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Greek Bailout Fuels Rise Of Extreme Politics

Policemen shout slogans during a demonstration of Greek security forces against the new austerity measures in Athens.
Aris Messinis
AFP/Getty Images
Policemen shout slogans during a demonstration of Greek security forces against the new austerity measures in Athens.

With Greece entering its fifth year of recession and dealing with harsh austerity measures imposed as part of a eurozone bailout deal to save it from default, its society is in upheaval. Opinion polls suggest the old political system is collapsing, and extremist parties are gaining popularity ahead of spring elections.

At a recent protest in Athens, a large bronze bell tolled as thousands of policemen in full uniform marched solemnly through the streets. They ominously waved their handcuffs at Parliament, shouting, "Take your bailout plan and get out of here."

Christos Fotopoulos, president of the police union, accused Greece's international lenders of plundering his country, and he called for their arrest.

Nick Malkoutzis, deputy editor of the Kathimerini English-language daily newspaper, says this protest is one sign of widespread loss of trust in Greek institutions.

"What we're seeing is the crumbling of the political system that was constructed over the last three decades," Malkoutzis says. "It was a political system built around the middle classes and two main parties."

Polls show plummeting approval for the Socialists and the conservative New Democracy, which approved the bailout plan. But small parties further to the left and further to the right that oppose the terms of the agreement are gaining ground. The four small leftist parties are ahead by 43 percent and could win a majority and, in theory, form a governing coalition.

That terrifies Greece's creditors, some of whom have questioned the wisdom of holding elections. But postponing the vote, Malkoutzis says, can only exacerbate Greeks and incite more protests and more violence.

"There is the issue whether people here in Greece feel their opinion is being heard, whether they have the right to express it," he says."There are huge democratic issues at stake."

And it's not just the left that's gaining popularity; so are two new far-right movements.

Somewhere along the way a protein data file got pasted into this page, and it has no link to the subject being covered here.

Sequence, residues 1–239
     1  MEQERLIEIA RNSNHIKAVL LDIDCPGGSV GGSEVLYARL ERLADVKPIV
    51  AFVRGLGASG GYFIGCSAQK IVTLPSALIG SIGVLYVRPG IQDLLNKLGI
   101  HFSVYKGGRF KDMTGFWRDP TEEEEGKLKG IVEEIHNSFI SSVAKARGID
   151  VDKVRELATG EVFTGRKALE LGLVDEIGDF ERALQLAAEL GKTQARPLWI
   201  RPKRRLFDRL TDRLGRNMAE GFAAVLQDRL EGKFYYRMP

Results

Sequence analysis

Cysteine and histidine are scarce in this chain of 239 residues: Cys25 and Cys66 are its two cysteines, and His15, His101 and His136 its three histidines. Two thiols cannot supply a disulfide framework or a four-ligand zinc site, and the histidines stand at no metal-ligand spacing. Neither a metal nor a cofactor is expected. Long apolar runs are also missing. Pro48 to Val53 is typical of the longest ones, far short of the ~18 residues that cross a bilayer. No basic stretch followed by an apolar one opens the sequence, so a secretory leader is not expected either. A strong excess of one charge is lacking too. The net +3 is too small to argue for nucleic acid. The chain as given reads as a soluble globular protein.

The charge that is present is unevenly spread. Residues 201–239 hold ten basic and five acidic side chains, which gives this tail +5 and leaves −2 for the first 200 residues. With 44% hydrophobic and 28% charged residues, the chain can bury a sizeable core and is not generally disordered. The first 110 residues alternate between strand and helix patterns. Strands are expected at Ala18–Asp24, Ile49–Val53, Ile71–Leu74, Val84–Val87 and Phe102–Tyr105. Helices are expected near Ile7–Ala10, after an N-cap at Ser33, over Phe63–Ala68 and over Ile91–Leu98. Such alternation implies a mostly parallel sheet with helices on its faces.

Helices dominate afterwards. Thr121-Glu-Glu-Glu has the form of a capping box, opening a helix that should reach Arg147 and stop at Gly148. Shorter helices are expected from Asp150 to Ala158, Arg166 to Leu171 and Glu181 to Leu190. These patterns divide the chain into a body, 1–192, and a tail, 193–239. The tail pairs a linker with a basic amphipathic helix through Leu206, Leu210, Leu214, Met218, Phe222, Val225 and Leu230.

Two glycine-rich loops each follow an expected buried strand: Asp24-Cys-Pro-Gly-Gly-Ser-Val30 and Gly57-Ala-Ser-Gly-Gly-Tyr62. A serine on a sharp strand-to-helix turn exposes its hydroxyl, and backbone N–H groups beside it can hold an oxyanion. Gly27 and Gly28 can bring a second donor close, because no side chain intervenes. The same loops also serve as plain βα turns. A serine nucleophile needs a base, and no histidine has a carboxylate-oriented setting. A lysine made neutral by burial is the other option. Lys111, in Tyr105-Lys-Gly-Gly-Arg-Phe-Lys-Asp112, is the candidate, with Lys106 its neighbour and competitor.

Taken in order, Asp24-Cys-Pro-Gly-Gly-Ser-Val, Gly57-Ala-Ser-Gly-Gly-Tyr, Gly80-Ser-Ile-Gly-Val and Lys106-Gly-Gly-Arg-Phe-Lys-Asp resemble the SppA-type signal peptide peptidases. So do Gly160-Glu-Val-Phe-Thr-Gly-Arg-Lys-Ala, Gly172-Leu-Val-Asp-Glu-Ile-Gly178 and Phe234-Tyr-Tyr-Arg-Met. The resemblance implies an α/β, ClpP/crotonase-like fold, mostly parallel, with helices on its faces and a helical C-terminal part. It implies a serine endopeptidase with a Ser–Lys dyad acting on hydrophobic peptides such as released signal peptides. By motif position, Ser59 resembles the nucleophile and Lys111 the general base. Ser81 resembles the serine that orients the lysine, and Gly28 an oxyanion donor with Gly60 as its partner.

One is the ultranationalist and neo-fascist Golden Dawn, which preaches the superiority of the white race. It is polling above the 3 percent necessary to enter Parliament.

In a bookshop filled with tracts on Nazism and Hitler T-shirts, a large crowd listens to a Golden Dawn member who identifies herself only as Georgia.

"We reject the idea that all races and nations are created equal," she says. "We have become economic slaves of the Zionist economy and usurers."

At the other end of the political spectrum, one of the parties doing well in the polls is the far-left SYRIZA that wants to renegotiate the terms of the bailout. Member of Parliament Dimitris Papadimoulos says austerity has sharply widened the gap between rich and poor.

Papadimoulos calls for a wide governing coalition because Greece, he says, faces the same dilemma the West faced after the crash of 1929 — a progressive or an authoritarian outcome.

"In the U.S. we had the New Deal and Roosevelt; in Europe we had Hitler and Mussolini," he says.

Publisher and commentator George Kirtsos is a conservative, but he agrees that Greece risks class warfare.

"You cannot have a functioning democracy without some positive economic and social results," Kirtsos says.

With the economy going from bad to worse, Kirtsos says, the country is in permanent political crisis.

"At one point or another you will have to declare martial law to impose all these measures," he says.

Elections are likely at the end of April, and the leaders of the pro-bailout Socialist and New Democracy parties want to woo back their angry supporters. The conservatives have a tough law-and-order and anti-immigrant platform, and the Socialists say they saved the country from default.

But current polls show that one-third of the electorate is still undecided, and an equal number say they've given up on politics and refuse to vote.

Copyright 2020 NPR. To see more, visit https://www.npr.org.

Sylvia Poggioli is senior European correspondent for NPR's International Desk covering political, economic, and cultural news in Italy, the Vatican, Western Europe, and the Balkans. Poggioli's on-air reporting and analysis have encompassed the fall of communism in Eastern Europe, the turbulent civil war in the former Yugoslavia, and how immigration has transformed European societies.
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